photosynthesis, which is a rather efficient way to fix carbon dioxide.
CO2 + H2O + Nutrients + Photons → Algae biomass + O2
As shown in Eq. 12.2, water, nutrients, and light also take significant parts in the
process. Algae grow in high moisture conditions (usually in aqua conditions), and
CARBON CAPTURE AND STORAGE
therefore, water is considered to be always sufficient during the process. Nutrients
(nitrogen and phosphorus) can be added by adding chemicals or wastewater which
contains abundant nutrients (Benemann 2002). Photons are from the sun or illumination
should a cultivation reactor be used (Hon-nami and Kunito 1998; Aresta et al. 2005).
Photons (Sun or
Algae (moisture condition)
Figure 12.1. Carbon dioixde fixation by algae and possible usage of algae. CO2 is first
‘eaten’ by algae for biomass growth, which will be collected/used to produce valuable
substances. After the algal substances being consumed, sequestered CO2 will finally be
released to the atmosphere as CO2, and thereafter, be captured by algae as food again
The products of Eq. 12.2 are algae biomass and oxygen. The increased biomass
can be used for human food supplements, animal feed, or raw materials for making
ethanol, methane, and biodiesel according to the algae properties, and finally will be
CARBON CAPTURE AND STORAGE
converted to carbon dioxide again through combustion (biofuels) or biodegradation
(food supplements and animal feed) (Becker 2004). Oxygen will go back to the
atmosphere and be used for respiration of living beings. The whole process of algae
carbon sequestration is simply exhibited in Figure 12.1. As shown in Figure 12.1, the
carbon cycle in algae-based carbon sequestration is an endless chain of carbon dioxide
fixation and release without net carbon dioxide impact.
12.3 Effects of Major Factors
The efficiency of algae-based carbon sequestration is affected by many factors
such as algae species, cultivation condition, carbon dioxide concentration, and other
components of the feeding gas. In this section, the effect of some major factors on algaebased carbon dioxide sequestration is discussed.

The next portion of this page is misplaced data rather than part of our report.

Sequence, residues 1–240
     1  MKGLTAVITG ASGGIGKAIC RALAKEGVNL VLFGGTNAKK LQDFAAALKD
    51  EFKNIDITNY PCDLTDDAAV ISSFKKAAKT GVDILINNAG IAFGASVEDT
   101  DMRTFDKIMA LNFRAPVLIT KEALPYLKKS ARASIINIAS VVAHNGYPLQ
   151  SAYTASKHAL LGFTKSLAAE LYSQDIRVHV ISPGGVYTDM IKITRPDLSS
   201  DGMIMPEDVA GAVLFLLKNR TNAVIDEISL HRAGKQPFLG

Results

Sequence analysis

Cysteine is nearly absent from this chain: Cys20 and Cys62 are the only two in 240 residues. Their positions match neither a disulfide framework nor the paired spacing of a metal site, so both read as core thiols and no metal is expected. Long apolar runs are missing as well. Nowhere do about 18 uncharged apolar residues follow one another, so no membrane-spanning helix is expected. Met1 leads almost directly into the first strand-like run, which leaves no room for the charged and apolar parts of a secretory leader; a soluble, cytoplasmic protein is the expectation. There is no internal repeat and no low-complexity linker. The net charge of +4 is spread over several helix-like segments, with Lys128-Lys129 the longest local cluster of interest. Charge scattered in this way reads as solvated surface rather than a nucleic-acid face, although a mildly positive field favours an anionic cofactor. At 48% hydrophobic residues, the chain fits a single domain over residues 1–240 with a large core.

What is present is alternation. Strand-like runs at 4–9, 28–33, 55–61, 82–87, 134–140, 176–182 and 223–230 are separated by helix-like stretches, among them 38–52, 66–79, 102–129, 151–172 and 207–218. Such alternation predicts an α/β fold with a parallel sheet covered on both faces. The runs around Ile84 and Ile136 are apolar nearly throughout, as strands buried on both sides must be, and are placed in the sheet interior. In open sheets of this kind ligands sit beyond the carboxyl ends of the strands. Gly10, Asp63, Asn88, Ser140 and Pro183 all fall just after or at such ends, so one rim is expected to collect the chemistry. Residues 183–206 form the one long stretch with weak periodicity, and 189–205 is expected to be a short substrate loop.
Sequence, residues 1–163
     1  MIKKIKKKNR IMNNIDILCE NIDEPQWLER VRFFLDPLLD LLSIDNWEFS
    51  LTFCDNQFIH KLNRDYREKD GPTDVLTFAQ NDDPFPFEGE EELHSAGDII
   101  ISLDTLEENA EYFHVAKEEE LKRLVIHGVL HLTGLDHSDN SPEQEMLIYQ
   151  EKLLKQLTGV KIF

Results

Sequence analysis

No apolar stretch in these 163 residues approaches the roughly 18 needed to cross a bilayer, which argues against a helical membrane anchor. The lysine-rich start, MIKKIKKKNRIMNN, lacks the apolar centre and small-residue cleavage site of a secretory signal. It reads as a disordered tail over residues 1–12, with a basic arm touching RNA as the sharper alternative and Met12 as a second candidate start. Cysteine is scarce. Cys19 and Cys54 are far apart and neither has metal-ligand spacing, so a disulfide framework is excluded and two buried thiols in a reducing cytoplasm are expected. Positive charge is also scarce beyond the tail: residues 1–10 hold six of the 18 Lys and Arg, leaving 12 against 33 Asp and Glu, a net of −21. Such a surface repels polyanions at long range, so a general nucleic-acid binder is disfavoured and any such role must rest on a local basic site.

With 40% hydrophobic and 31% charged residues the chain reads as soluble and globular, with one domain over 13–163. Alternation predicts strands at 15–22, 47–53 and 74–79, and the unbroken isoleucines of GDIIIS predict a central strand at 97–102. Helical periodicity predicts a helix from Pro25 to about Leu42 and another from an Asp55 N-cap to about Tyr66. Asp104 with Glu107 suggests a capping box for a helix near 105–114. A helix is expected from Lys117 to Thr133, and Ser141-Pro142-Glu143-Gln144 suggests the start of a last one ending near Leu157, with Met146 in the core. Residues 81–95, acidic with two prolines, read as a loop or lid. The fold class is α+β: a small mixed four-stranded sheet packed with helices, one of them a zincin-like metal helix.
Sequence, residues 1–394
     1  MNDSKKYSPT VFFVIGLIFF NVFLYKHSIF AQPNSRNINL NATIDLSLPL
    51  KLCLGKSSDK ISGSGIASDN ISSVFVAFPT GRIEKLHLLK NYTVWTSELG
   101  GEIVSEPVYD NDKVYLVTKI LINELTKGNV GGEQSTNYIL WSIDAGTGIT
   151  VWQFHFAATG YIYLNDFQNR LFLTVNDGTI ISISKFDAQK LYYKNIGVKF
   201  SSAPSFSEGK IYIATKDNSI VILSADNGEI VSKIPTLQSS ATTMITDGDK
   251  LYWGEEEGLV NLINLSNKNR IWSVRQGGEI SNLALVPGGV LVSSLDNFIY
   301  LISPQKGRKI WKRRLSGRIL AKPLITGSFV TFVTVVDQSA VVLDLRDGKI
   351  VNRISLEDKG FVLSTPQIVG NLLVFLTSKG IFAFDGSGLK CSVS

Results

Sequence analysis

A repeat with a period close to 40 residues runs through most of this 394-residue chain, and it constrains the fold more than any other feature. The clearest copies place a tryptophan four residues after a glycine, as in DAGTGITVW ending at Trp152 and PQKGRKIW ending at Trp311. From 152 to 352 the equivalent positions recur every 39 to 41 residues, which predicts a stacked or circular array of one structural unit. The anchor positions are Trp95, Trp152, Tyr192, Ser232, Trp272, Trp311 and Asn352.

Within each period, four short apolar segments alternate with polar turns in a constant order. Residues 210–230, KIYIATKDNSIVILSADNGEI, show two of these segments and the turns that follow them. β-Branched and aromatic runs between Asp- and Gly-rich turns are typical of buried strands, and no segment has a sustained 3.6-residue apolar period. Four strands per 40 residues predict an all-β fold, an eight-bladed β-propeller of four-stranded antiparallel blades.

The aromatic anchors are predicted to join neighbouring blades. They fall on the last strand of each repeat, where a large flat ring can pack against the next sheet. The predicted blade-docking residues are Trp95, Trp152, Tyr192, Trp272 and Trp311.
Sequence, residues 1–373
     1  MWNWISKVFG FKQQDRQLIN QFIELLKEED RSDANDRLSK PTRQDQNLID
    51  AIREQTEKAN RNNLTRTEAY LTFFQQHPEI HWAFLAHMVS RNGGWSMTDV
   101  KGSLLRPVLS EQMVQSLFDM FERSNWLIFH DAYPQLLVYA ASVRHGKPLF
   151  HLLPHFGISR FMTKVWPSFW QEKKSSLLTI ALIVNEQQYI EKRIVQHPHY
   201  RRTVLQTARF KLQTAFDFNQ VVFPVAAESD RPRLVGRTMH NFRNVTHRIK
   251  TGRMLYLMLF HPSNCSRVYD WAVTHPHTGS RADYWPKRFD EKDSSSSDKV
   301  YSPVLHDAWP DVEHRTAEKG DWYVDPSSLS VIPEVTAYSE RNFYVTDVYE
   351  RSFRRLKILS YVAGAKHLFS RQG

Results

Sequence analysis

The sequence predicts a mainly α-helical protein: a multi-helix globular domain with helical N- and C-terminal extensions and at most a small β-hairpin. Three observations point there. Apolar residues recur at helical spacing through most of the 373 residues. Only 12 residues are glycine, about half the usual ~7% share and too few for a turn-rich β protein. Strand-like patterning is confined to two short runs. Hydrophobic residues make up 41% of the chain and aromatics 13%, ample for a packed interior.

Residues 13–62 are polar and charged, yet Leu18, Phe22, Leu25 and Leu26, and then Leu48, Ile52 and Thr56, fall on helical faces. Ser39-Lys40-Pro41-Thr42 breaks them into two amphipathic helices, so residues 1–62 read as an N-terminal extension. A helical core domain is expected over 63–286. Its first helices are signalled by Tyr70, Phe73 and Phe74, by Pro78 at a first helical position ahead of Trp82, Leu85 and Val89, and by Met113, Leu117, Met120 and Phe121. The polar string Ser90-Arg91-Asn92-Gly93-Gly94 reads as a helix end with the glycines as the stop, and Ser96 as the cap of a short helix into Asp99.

12.3.1 Algae Strains Effect
Algae are known as a rich source of protein (50–60% dry weight), lipid (2%–50%
dry weight), and vitamins. Various algae, including high vitamin content algae, high
CO2 tolerance algae, high lipid content algae, etc., have been reported to be capable of
fixing carbon dioxide (Hanagata et al. 1992; Becker 1994; Graham and Wilcox 2000;
Pedroni et al. 2004; Aresta et al. 2005; Rengel 2008). Usually, algae selection is based
on the project purpose. For example, when algae are prepared for vitamin supplement,
algae with high productivity of target vitamins will be used in carbon dioxide
sequestration. In addition, algae growth rate is significantly important in determining the
use of algae for carbon dioxide sequestration as well. Algae with high growth rates also
refer to having high carbon dioxide sequestration rate as well as high production rate on
protein, lipid, or vitamins. Additionally, it is also considered to be beneficial in saving
the cultivation area. Stromgren (1984) observed that, among three algae, Pelvetia
fastigiata, Pterocladia capillacea and Z. farlowii, Pterocladia capillacea had a greater
growth rate than the other two algae under the similar cultivation condition. The report
suggests that algae selection be necessary in order to achieve high growth rate for carbon
In the early 1930s, researchers have observed that algae (Chlorococcurn sp.)
were capable of producing vitamins (Gunderson and Skinner 1934). Berg-Nilsen (2006)
pointed out that Spirulina and Chlorella had high value in protein production.
Chlamydomonas reinhardtii was reported being a good source of therapeutic proteins
(protein content > 50%) (Rasala et al. 2010). Oleaginous algae have been extensively
studied for biodiesel production. Several algae species such as Botryococcus sp.,
Chlorella sp., Oedogonium sp., and Spirogyra sp. show great potential in biodiesel
production (Banerjee et al. 2002; Hossain and Salleh 2008; Francisco et al. 2010). Velea
CARBON CAPTURE AND STORAGE
et al. (2009) investigated 35 strains of microalgae to sequester carbon dioxide and to
produce oil for biodiesel production, and they found that the lipid content of some
microalgae such as Chlorobotrys species was up to 70% dry weight and the protein
content was around 40–43 %. The studies reveal that selection of algae in carbon dioxide
sequestration should comply with the expecting utilization of algae biomass.
12.3.2 Reactor Effect
Bioreactors used for algae carbon dioxide cultivation include lakes, raceway
ponds, oceans, plate photobioreactor, carboy photobioreactor, and tubular
photobioreactor (Jeong et al. 2003; Ono and Cuello 2004; Moheimani 2005). Compared
to open algae cultivation systems (lakes, raceway ponds, oceans), closed